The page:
Cross-over hold- Baby’s body is supported by one arm and its head by the other hand. This hold is similar to the cradle hold but offers more support.
Reclining position- The only lying position of the bunch. Lie on one side with your baby beside you. You may or may not support the baby’s head with your hand.
More in-depth explanations can be found below in sources and resource reading.
What should and shouldn’t I eat while breastfeeding?
Any medications should be cleared through a medical professional, over the counter or not. Anything you consume while breastfeeding will be transferred to your baby through your milk
As far as diet goes it’s important to maintain a healthy one including all of the five food groups. Be sure to drink plenty of fluids, because Calcium is particularly important while breastfeeding milk is an excellent choice. Doctors recommend an extra 500 calories a day to breastfeeding mothers.
Baby bottle feeding problems and solutions
Why chose bottle feeding over breastfeeding?
Though breastfeeding has been proven to have a wealth of benefits to both mom and baby sometimes bottle feeding is a better option.
If a mother has an infectious disease such as HIV, the baby has health issues that prevent proper nursing, or the mother is taking any type of drug that can be harmful to the baby, prescribed or otherwise breastfeeding is not recommended.
Bottle feeding also offers an option for others to feed the baby and eliminates leaking and/or breast discomfort for the mother.
What position should I bottle feed my baby in?
Baby should be tilted slightly upright and never fed while lying down as milk may flow into the inner ear causing ear infections. Keep the bottle itself tilted so that milk is always in the nipple preventing the baby from sucking air which can lead to uncomfortable gas.
How often and how much should I bottle feed my baby?
A baby should be fed on demand. Meaning anytime the baby shows signs of hunger it should be fed. A hungry baby will root around as if looking for something, make sucking motions or suck their hands/fingers.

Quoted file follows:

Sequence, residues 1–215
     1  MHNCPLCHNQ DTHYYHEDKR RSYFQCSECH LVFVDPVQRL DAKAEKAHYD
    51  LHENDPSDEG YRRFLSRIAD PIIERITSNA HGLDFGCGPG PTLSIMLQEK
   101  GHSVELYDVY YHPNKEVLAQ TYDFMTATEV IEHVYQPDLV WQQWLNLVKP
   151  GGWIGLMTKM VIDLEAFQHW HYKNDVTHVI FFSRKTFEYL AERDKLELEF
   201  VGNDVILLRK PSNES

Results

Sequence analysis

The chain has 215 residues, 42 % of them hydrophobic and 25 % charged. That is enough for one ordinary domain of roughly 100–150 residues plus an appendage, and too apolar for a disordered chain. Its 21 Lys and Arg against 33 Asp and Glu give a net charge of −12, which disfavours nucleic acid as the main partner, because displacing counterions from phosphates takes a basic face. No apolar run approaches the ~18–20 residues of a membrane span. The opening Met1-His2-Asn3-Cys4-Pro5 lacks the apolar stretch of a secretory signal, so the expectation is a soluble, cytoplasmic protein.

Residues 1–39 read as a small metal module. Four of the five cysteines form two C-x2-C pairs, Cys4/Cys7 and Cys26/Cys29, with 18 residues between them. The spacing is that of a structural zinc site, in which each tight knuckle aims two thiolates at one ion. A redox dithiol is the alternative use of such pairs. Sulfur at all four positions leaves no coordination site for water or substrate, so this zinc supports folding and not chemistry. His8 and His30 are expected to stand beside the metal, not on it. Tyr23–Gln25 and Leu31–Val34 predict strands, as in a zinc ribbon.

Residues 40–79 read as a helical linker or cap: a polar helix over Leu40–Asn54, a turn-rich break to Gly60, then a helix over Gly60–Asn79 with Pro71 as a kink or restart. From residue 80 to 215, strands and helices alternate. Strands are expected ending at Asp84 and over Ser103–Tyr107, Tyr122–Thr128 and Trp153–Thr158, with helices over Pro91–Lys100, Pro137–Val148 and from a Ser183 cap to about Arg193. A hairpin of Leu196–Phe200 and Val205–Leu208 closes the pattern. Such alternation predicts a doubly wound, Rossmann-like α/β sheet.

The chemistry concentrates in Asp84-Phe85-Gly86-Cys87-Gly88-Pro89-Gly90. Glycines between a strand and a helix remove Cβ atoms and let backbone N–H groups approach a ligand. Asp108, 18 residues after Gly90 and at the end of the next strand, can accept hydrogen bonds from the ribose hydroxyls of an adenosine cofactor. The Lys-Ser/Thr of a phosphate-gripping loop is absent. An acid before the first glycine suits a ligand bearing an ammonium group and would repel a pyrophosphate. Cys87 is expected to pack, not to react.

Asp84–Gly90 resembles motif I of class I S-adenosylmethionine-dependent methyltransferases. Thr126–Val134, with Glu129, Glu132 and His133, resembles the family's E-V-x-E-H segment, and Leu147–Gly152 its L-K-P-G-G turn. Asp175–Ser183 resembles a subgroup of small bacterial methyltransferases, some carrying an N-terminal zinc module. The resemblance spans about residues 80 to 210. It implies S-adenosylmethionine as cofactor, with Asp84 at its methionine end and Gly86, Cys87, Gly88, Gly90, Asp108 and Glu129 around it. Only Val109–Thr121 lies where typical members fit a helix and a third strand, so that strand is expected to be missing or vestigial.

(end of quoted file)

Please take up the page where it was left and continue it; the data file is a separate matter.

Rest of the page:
The average newborn eats around 3 ounces of milk every 2-3 hours but every baby is different. As long as your baby is growing properly for its age, it’s getting enough milk.
How do I burp my baby and when?
A baby should be burped after 2-3 ounces of formula or in the case of breastfeeding between each breast and after feeding in both cases. Burping relieves built-up gas in the baby’s belly which may lead to discomfort and spit-up.
To burp a baby hold the baby against your shoulder, knee or lay it on your lap supporting the head well. Gently tap the babies back until a burp is produced.
What will I need to bottle feed my baby?
To bottle-feed whether pumping breast milk or feeding formula you will need:
- Bottle Brush and Method of Sterilizing bottles and nipples
Bottles and nipples should be appropriate for the age of the child. For instance, a newborn doesn’t need a large bottle but does need a slow drip nipple.
The speed at which a nipple drips is determined by the size and number of holes in the top. You can purchase a wide variety of bottles and nipples it’s a matter of finding what your baby likes.
For the first six months of life, all feeding equipment should be sterilized before use while the baby’s immune system is still weak.